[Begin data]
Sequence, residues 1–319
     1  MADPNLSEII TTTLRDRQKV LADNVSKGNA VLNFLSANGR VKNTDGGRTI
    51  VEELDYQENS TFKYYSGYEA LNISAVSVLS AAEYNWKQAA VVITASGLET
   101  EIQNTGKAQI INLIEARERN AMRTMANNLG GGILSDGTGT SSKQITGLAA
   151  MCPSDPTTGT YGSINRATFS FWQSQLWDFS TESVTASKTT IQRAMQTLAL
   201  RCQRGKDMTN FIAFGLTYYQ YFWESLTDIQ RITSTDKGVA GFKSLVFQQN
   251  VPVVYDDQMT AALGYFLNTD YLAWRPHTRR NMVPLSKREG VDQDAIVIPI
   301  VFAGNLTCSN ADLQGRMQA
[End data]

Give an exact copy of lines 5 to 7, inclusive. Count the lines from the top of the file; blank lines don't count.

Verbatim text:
   151  MCPSDPTTGT YGSINRATFS FWQSQLWDFS TESVTASKTT IQRAMQTLAL
   201  RCQRGKDMTN FIAFGLTYYQ YFWESLTDIQ RITSTDKGVA GFKSLVFQQN
   251  VPVVYDDQMT AALGYFLNTD YLAWRPHTRR NMVPLSKREG VDQDAIVIPI